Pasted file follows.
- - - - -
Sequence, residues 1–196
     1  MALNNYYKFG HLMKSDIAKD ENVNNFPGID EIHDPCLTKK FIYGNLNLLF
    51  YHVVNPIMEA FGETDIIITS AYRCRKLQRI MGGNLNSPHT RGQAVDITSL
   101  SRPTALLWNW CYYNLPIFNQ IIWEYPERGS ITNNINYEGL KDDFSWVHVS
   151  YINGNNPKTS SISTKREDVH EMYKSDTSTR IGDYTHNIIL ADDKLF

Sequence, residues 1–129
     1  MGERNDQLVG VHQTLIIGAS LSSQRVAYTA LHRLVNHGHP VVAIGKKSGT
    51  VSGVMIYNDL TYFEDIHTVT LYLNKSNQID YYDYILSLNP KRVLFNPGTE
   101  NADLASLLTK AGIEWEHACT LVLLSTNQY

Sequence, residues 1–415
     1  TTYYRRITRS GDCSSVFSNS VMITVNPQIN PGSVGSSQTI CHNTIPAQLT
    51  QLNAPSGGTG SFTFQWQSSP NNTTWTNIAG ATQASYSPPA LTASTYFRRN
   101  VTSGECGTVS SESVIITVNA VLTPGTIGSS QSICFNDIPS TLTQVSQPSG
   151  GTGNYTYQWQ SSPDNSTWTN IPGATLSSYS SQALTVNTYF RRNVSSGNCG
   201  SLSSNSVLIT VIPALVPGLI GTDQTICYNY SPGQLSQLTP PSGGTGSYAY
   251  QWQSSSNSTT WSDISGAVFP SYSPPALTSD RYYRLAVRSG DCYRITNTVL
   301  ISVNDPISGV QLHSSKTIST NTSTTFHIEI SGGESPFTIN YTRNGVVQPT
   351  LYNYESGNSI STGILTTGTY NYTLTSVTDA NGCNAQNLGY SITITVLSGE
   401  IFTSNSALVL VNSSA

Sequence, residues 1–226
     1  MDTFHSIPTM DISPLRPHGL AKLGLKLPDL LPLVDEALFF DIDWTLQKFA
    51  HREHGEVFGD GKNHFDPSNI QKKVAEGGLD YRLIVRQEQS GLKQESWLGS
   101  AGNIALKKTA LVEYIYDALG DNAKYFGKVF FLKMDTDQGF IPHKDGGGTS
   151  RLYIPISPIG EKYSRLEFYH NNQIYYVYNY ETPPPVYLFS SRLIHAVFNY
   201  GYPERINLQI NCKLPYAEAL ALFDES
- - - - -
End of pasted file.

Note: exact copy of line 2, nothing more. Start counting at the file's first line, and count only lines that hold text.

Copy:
     1  MALNNYYKFG HLMKSDIAKD ENVNNFPGID EIHDPCLTKK FIYGNLNLLF